“It takes a lot of time from my studies, but it’s like playing sport. It’s amazing to be exposed to all the new cultures and meet gamers from across the world. Men still have to get used to having a girl taking the lead on things in the industry, but that will happen with time.”
Mind Sports South Africa - The good & the bad
You probably know about the negative views SA gamers have abt the MSSA. So, what's your experience been like with the organisation?
“Ahh, that infuriates me. Ok, so first I would like to mention that I spoke about the hate with the other international players with the South African's mindset towards the MSSA, and they were astounded. Their organisations follow the same rules and regulations, and some are even more strict.
I think the LoL community has now warmed up to the MSSA, and many of the top teams see this as the new platform to compete (next year should be amazing to watch), but a lot of development will be needed from the other communities. Yes, there are some kinks at events locally, sometimes the internet doesn't run too great and we have some lag problems, but we get it done, and we get to play and compete against each other. They run it like any sport is run in this country but we do need more people to stop expecting to be treated differently than other sports.
At the IeSF we were taken care of, everything we needed was organized and we had a great time with the group.”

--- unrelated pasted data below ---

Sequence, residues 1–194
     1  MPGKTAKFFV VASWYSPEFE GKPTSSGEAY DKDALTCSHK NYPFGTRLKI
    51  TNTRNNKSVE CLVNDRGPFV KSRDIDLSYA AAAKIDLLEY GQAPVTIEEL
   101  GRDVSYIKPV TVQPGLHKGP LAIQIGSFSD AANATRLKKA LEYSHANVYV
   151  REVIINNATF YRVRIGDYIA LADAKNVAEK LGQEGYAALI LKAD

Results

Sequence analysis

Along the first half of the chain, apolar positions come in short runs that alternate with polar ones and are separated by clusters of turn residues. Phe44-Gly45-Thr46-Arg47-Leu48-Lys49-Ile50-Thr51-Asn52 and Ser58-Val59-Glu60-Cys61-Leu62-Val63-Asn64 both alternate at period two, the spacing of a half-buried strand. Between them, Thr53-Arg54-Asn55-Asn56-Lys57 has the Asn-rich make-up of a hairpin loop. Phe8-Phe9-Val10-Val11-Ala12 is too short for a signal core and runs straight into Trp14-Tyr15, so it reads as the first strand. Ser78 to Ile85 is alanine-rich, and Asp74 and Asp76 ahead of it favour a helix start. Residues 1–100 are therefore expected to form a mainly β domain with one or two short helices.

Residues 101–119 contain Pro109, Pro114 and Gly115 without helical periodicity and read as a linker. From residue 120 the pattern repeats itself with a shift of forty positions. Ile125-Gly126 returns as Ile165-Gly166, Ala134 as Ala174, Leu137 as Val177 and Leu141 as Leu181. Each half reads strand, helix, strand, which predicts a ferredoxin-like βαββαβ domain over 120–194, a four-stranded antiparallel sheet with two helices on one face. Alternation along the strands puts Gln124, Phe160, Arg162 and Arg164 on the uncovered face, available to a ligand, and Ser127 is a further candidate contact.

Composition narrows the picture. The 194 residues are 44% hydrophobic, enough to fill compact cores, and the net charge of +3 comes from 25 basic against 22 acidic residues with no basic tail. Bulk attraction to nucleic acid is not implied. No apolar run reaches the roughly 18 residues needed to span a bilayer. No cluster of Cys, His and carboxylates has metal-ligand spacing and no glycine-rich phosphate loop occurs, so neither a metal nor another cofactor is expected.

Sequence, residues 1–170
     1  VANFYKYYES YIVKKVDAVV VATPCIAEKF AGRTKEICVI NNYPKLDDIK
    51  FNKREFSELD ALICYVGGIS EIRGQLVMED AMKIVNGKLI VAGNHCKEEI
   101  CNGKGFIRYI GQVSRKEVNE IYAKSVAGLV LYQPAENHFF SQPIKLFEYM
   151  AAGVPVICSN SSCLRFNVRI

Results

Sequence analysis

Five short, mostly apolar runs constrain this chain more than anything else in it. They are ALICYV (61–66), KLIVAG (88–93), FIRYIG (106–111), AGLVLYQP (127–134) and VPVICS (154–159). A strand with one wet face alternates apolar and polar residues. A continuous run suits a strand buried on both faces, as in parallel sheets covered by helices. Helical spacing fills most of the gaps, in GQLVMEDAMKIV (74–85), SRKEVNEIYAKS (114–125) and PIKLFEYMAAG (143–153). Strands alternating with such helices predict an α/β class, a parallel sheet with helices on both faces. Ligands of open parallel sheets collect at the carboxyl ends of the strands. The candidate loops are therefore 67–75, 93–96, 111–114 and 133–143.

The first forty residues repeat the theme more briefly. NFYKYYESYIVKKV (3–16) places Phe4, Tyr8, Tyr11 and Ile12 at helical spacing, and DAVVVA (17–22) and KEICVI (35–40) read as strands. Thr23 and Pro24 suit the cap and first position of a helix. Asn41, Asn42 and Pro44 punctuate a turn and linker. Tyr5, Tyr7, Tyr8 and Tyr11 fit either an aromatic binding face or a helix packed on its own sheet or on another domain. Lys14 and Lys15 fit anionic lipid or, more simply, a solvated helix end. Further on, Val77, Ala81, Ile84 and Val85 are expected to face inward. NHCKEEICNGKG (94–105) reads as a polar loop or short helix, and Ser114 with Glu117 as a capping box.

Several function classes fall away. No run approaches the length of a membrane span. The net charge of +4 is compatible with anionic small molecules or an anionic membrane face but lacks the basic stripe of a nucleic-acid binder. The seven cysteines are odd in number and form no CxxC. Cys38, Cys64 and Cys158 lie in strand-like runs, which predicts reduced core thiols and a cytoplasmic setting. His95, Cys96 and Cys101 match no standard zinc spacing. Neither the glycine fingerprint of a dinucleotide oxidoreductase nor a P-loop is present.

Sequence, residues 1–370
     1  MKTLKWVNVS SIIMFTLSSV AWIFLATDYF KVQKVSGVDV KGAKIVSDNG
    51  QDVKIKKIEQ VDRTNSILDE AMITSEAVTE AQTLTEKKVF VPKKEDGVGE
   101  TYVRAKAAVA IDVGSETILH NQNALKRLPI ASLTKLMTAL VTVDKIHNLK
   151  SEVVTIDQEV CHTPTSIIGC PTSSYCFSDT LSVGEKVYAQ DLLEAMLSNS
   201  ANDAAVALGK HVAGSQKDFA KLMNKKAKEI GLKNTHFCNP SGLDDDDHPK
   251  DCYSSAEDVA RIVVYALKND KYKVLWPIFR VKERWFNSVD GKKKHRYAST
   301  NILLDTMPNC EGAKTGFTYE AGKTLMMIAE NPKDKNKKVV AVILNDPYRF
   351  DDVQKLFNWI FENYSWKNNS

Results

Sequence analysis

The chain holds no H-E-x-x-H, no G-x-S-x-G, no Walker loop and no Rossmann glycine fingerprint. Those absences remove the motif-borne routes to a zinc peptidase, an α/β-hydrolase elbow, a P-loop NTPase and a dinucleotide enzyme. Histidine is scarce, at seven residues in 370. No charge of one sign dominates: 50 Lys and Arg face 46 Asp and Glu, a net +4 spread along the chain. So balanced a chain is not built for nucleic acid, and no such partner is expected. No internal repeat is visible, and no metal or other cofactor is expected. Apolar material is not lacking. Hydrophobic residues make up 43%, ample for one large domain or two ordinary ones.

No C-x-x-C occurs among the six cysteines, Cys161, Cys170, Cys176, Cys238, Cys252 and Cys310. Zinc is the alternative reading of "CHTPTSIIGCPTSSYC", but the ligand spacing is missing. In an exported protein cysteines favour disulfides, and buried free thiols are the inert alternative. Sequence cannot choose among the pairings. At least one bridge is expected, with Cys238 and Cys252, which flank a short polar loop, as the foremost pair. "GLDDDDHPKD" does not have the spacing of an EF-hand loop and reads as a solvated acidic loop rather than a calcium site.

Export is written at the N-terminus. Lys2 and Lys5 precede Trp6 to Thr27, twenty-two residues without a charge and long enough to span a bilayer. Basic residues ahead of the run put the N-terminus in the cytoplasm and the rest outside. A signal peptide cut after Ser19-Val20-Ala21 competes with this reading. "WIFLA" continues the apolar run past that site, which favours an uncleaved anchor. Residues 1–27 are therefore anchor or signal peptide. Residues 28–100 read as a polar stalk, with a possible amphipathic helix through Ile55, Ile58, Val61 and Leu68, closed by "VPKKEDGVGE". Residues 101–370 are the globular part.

Does it really cost as much as people think to be part of the MSSA?
“No, like any sports organization they have a yearly fee. Some sports even have a monthly fee. For university students, there is no fee and school kids pay something like R5 as far as I am aware. If you are employed you pay R85 per year (as far as I remember from last time) and let’s be real, R85 will not kill you in any situation.”
Have you ever felt that there's truth in the accusing that the MSSA is draconian?
“Not at all, your basic rules are set out as in any sport. Even with fines in contracts that make sense – again, as in any sport. I think most gamers have not played any sport for a national team and are thus unaware of how strict they are. Also, we have votes for most decisions made as clubs.”
It's time to say "farewell South African eSports"
What's next gaming wise?
“I am moving to Bahrain in the next few days and going to be starting up an affiliation of the IeSF there. I will be finishing my BSc degree there and then doing my degree in medicine as well :). The Shaikh of Abu Dhabi has an affiliation there, but not all the middle eastern countries are part of it yet. So I will be communicating with him to help me set up another "branch" I guess.
So I will approach the guys around and try set up the whole middle east, so we can get eSports growing.”
Any last words to SA’s eSports community?
“I hope to see eSport grow in SA and the communities take this chance to get involved and grow the MSSA. Change needs to happen from within the communities if they want to change the organization.
I will miss my gaming friends here, especially the ones from the LoL side, but I know they will keep on being great :P.”
We wish Maryke all the best; may the Sheikh of Abu Dhabi invest in eSports and may she continue to add many more "firsts" feathers in her cap.